Once that shared narrative is activated, the organizer can connect it to the fierce urgency of now: a story about why this is the “movement moment,” when individual and collective motivations converge, and when action is needed and possible. Why this and no other time is the time for change. This is how “Yes We Can” became more than a slogan in 2008, as “Morning in America” did in 1980. Or “Make America Great Again” did in 2016.
Stories are weapons in an endless contest for legitimacy.
Of these three stories, the middle one — about us — is crucial. Any effort to exercise citizen power depends on creating new answers to the question: Who is “us”? During the campaign for a $15 minimum wage in Seattle, one of the most potent speeches I heard was from a woman named Evelyn, a sixty-something Filipina immigrant who cleans rooms at a Sea-Tac Airport hotel. Her husband is a baggage handler at the airport. It was a fund-raising event for the campaign, and this was her first public speech. And though she’d never heard of Marshall Ganz before, in her short and blunt remarks she intuitively hit each of his marks. She talked about how a higher wage would enable her to catch up on her bills (self). She talked about why this was a unique opportunity to make gains for working people (now). But she was at her most effective when she talked about what kind of Seattle we wanted to be, and why the city would be stronger if the people who do the thankless work could afford to live there, too. In short, she redefined us. She redrew the circles of identity, not as low-wage workers versus high-wage workers but as people who hold true Seattle values of inclusion versus those who don’t.
This redrawing of the circles is also how “deep canvassing” — intensive face-to-face front-porch conversations based on personal storytelling — can change minds and win adherents on contentious issues like gay and transgender rights. Two young political scientists, Joshua Kalla of Berkeley and David Broockman of Stanford, have conducted pioneering field experiments on deep canvassing. One of the strategies that they found most effective was “analogic perspective taking,” in which canvassers would invite citizens to talk about times when they’d been treated unfairly for seeming “different.” From there, the canvasser could pivot to what those citizens had in common with gay or transgender people, and could often awaken enough empathy to reduce bias.
This is more than stepping into someone else’s shoes — it’s stepping into the story of how someone else came to be wearing those shoes. If you are trying to convince your neighbors that a nearby church should be allowed to host a temporary homeless encampment, how do you deploy story? Sometimes, it might be by deriding the selfishness of those who resist. More often, it will be by appealing to the better angels of all, so that even resisters can join without losing face. Either way, you are crafting an imagined us in order to create a real majority. In a town with excellent schools that attracts young families, how do you deal with the divide between the newcomers who are driving up property values and the old-timers who don’t have school-age kids and want lower taxes? Again, you create a story of us, of common interest, that will either transcend that divide or sharpen it in a way that isolates the holdouts.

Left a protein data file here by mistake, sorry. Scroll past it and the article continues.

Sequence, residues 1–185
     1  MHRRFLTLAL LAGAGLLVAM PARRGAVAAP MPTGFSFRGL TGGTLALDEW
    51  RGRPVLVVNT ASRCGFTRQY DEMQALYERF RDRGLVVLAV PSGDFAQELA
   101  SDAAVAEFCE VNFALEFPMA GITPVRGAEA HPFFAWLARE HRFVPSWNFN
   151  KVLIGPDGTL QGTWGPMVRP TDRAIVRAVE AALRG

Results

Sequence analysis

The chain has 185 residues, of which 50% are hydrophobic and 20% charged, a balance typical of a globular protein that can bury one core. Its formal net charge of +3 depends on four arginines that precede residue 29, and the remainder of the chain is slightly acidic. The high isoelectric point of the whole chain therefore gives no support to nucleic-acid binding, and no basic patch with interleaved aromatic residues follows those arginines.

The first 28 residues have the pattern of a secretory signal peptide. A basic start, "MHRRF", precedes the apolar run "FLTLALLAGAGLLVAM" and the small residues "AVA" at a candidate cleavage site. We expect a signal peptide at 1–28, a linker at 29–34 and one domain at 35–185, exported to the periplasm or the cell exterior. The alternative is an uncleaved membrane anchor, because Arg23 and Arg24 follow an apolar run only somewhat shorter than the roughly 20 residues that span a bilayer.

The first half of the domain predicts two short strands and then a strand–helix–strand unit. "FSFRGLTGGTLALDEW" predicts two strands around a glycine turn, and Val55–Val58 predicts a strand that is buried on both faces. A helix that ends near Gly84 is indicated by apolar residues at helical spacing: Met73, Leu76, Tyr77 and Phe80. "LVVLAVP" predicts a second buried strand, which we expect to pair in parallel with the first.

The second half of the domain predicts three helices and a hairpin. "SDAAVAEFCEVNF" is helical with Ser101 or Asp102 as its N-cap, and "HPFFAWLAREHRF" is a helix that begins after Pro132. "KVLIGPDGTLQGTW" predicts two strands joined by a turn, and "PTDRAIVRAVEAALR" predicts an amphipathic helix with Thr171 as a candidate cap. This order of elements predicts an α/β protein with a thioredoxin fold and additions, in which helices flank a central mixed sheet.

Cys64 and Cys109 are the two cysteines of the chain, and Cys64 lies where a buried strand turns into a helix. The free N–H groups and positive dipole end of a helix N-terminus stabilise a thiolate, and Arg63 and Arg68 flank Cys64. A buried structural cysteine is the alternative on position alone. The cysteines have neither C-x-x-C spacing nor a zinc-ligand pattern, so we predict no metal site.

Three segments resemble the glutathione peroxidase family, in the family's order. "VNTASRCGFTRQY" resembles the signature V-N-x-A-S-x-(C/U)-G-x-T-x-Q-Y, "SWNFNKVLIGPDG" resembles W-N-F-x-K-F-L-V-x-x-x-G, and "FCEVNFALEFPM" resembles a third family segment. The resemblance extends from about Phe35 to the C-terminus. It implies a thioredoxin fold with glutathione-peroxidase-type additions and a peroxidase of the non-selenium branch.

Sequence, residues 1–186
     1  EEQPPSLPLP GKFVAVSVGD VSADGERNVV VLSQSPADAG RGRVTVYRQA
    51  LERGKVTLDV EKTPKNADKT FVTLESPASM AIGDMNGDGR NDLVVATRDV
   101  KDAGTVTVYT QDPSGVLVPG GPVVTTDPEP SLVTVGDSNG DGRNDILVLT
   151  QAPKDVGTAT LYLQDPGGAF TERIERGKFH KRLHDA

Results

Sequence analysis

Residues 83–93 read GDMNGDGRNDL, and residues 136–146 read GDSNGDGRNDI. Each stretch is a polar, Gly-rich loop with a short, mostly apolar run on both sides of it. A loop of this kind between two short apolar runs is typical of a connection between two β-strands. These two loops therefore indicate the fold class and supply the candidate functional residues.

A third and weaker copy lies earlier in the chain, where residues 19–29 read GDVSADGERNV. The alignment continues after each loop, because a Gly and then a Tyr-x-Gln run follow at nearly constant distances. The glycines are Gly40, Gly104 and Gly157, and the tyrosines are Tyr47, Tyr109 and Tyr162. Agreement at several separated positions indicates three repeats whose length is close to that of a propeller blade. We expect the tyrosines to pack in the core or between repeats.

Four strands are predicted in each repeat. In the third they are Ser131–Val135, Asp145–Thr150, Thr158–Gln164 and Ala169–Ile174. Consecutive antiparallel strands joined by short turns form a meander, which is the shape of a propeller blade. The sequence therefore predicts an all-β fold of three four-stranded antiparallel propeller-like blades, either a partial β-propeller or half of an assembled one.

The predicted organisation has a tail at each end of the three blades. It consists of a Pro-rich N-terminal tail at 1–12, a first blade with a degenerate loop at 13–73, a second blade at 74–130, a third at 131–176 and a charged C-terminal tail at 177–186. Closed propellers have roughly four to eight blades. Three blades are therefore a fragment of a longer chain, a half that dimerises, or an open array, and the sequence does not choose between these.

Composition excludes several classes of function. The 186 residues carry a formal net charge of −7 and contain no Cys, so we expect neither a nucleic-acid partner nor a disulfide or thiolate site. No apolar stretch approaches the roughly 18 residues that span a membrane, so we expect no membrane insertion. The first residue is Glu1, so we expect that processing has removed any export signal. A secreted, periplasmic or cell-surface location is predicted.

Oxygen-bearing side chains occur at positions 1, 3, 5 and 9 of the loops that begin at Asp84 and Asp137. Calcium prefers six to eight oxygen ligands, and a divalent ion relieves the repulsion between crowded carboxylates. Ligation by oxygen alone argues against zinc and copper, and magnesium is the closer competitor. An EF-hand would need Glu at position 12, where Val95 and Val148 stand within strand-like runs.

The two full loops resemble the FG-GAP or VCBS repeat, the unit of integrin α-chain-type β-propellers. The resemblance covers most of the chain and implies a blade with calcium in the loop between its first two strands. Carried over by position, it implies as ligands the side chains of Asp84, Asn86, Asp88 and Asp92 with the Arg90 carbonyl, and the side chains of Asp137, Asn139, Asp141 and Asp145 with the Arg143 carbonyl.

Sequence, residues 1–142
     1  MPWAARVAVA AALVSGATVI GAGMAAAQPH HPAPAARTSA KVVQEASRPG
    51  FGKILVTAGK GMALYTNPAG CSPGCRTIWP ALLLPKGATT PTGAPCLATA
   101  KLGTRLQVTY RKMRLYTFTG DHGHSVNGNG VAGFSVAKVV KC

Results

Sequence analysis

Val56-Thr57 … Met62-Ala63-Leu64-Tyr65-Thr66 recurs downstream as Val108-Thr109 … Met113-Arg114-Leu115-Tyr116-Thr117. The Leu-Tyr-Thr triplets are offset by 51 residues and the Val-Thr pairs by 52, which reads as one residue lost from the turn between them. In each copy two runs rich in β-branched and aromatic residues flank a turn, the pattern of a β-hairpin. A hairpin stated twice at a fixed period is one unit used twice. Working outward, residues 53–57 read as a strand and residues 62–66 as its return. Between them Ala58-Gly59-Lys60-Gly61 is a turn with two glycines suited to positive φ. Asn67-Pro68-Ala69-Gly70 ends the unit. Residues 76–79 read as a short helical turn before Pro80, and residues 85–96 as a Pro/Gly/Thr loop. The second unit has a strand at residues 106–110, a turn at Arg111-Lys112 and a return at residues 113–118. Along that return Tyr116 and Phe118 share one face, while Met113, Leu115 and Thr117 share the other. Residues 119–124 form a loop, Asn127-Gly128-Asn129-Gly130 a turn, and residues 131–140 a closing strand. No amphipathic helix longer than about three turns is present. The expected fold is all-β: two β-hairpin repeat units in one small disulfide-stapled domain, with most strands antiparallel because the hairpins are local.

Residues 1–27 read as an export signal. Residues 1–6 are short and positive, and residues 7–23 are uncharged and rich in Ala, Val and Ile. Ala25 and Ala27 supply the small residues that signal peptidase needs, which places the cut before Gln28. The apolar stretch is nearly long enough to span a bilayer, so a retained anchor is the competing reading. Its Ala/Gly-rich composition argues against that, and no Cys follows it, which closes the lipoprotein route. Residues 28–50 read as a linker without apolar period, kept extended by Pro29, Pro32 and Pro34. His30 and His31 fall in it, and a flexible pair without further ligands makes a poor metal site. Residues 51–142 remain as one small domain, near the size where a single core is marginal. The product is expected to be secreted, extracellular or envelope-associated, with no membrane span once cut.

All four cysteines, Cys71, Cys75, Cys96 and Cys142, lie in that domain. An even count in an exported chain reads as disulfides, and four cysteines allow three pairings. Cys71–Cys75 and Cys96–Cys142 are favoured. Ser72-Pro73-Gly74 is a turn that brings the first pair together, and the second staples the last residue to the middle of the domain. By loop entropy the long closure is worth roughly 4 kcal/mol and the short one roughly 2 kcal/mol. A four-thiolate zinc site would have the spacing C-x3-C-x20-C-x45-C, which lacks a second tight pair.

Such stories are weapons in an endless contest for legitimacy. The civil rights movement was (and is still) a decades-long argument about Who is us. The 2016 presidential election was another referendum on the question. In this time of unprecedented economic inequality, the American self-story as a “middle-class nation” is eroding rapidly. The day when a majority of Americans are people of color is now within sight, but meanwhile, political polarization is at its highest since the Civil War. These are strong centrifugal forces. Who will legitimately get to speak for the United States during such a time? Who can embody and represent us? That is not primarily a question about presidential candidates. It is a question about citizens, and what groups of us can best organize the imagination — and claim the “us.”
Excerpted from the new book You’re More Powerful Than You Think: A Citizen’s Guide to Making Change Happen by Eric Liu. Reprinted with permission from Public Affairs, an imprint of Perseus Books, LLC, a subsidiary of Hachette Book Group, Inc. © 2017 Eric Liu.